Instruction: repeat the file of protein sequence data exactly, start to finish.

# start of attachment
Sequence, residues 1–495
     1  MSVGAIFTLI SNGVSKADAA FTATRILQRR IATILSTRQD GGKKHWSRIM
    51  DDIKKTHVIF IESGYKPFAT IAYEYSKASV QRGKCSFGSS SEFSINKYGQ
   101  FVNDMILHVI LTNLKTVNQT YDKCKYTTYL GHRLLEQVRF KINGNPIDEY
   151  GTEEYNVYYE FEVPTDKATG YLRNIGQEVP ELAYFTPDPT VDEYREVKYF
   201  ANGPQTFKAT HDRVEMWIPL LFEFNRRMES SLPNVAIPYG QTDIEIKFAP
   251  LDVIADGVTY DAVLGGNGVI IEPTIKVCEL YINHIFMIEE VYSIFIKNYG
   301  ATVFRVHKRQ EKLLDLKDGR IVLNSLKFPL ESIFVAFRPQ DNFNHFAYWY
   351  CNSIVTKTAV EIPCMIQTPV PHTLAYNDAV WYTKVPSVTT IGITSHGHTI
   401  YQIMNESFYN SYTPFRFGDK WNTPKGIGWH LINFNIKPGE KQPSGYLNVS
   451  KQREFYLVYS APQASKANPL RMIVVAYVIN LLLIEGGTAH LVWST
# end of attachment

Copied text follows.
Sequence, residues 1–495
     1  MSVGAIFTLI SNGVSKADAA FTATRILQRR IATILSTRQD GGKKHWSRIM
    51  DDIKKTHVIF IESGYKPFAT IAYEYSKASV QRGKCSFGSS SEFSINKYGQ
   101  FVNDMILHVI LTNLKTVNQT YDKCKYTTYL GHRLLEQVRF KINGNPIDEY
   151  GTEEYNVYYE FEVPTDKATG YLRNIGQEVP ELAYFTPDPT VDEYREVKYF
   201  ANGPQTFKAT HDRVEMWIPL LFEFNRRMES SLPNVAIPYG QTDIEIKFAP
   251  LDVIADGVTY DAVLGGNGVI IEPTIKVCEL YINHIFMIEE VYSIFIKNYG
   301  ATVFRVHKRQ EKLLDLKDGR IVLNSLKFPL ESIFVAFRPQ DNFNHFAYWY
   351  CNSIVTKTAV EIPCMIQTPV PHTLAYNDAV WYTKVPSVTT IGITSHGHTI
   401  YQIMNESFYN SYTPFRFGDK WNTPKGIGWH LINFNIKPGE KQPSGYLNVS
   451  KQREFYLVYS APQASKANPL RMIVVAYVIN LLLIEGGTAH LVWST